Ferry Farm Elementary School is located near George Washington’s boyhood home outside of Fredericksburg, VA. In 2008, archaeologists confirmed the foundation of the wooden structure that once housed George, his parents, and his siblings. The Washingtons called this place the Home Farm but it later became known as Ferry Farm because people crossed the Rappahannock River on a ferry from the farm to the town of Fredericksburg.

The school was built in 1957. Major additions in 1966, 1988, and 1991 added capacity but resulted in a confusing and compromised learning environment lacking many of the accessibility and security features of a modern school. The school was slated for replacement, but funding challenges shifted the project toward a transformational renovation of the existing building.

Ferry Farm Elementary School is located near George Washington’s boyhood home outside of Fredericksburg, VA. In 2008, archaeologists confirmed the foundation of the wooden structure that once housed George, his parents, and his siblings. The Washingtons called this place the Home Farm but it later became known as Ferry Farm because people crossed the Rappahannock River on a ferry from the farm to the town of Fredericksburg.

The school was built in 1957. Major additions in 1966, 1988, and 1991 added capacity but resulted in a confusing and compromised learning environment lacking many of the accessibility and security features of a modern school. The school was slated for replacement, but funding challenges shifted the project toward a transformational renovation of the existing building.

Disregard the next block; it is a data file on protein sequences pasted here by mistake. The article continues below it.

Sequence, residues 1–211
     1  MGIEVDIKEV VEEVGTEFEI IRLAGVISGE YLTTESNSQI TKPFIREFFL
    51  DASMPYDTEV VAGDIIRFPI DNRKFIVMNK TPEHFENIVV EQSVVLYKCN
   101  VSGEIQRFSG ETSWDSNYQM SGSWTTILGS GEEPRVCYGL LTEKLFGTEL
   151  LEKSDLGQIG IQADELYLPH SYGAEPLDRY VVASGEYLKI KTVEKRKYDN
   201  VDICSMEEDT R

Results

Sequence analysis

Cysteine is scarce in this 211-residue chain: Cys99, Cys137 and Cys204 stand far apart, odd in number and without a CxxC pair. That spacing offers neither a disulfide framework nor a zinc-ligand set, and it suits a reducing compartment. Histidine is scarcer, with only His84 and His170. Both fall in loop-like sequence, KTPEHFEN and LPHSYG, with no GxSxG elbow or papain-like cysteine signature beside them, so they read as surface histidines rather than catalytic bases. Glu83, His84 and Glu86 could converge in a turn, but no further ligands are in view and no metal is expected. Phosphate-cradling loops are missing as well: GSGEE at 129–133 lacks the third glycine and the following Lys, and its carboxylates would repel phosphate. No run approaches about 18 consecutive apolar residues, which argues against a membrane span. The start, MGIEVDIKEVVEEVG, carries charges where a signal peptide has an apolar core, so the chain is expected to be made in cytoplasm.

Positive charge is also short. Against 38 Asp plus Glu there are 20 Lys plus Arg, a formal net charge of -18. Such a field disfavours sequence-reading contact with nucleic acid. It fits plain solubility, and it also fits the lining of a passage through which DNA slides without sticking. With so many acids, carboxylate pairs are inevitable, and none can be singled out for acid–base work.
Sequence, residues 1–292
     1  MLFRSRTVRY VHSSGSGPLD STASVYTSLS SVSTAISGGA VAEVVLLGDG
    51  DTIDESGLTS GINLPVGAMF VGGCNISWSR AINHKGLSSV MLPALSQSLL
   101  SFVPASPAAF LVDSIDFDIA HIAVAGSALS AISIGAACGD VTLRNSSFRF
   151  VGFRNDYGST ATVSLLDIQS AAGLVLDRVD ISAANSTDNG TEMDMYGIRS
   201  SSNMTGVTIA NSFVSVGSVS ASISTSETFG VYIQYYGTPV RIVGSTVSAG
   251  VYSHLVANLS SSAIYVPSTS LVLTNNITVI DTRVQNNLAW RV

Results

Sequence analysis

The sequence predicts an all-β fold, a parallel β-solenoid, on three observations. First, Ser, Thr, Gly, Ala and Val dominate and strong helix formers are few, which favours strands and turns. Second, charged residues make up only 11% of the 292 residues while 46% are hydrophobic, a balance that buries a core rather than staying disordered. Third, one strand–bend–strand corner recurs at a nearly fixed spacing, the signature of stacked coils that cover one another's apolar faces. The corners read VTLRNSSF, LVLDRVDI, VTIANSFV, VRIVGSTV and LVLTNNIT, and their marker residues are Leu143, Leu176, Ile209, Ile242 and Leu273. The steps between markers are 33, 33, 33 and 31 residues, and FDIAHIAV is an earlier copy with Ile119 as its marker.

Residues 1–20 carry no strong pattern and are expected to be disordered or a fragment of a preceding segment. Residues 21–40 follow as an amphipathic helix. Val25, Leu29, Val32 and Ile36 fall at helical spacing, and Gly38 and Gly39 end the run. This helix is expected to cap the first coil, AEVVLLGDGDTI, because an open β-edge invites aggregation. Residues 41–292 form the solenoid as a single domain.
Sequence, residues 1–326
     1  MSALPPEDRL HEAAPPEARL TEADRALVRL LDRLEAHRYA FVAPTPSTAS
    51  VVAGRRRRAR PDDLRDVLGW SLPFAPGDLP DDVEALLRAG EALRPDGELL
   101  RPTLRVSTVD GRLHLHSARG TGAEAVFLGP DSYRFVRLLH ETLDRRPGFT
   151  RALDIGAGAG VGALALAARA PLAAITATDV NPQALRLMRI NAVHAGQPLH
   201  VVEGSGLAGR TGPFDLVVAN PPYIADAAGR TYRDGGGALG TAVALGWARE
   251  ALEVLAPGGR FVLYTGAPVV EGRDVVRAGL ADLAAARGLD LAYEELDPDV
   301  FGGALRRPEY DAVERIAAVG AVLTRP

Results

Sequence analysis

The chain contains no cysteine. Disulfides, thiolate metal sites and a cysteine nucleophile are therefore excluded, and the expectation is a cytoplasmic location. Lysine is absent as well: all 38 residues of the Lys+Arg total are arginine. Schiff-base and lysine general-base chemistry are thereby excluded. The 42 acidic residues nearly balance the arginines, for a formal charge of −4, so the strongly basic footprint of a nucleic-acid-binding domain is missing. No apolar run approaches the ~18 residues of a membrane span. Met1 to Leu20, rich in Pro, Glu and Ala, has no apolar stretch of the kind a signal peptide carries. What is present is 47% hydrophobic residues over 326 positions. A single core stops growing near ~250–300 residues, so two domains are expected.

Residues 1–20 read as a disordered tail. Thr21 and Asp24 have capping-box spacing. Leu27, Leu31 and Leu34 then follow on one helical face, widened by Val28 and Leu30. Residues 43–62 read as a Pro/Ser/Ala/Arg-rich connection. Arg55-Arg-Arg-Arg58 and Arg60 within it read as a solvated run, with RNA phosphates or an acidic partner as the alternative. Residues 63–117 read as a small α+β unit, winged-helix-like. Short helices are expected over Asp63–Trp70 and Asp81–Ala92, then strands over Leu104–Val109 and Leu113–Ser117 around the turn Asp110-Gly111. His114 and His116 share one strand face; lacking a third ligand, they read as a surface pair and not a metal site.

Timeline Ramp” rendering

Long overdue for an overhaul, the school was analyzed from a programmatic perspective with renovation priorities addressing deviations from Stafford County Public Schools’ Educational Specifications. The following priorities were identified:

  • The first priority was to provide safe, appropriate, and updated learning environments, including additional capacity to accommodate growth.
  • A second priority was to provide a secure, identifiable, and accessible entrance to the school.
  • A third priority was to address deficiencies in specific programs including Administration, Library, and Art.
  • Finally, SCPS sought to provide a variety types and sizes of flexible learning environments required for 21st Century learning and the mission and vision of Stafford County Public Schools.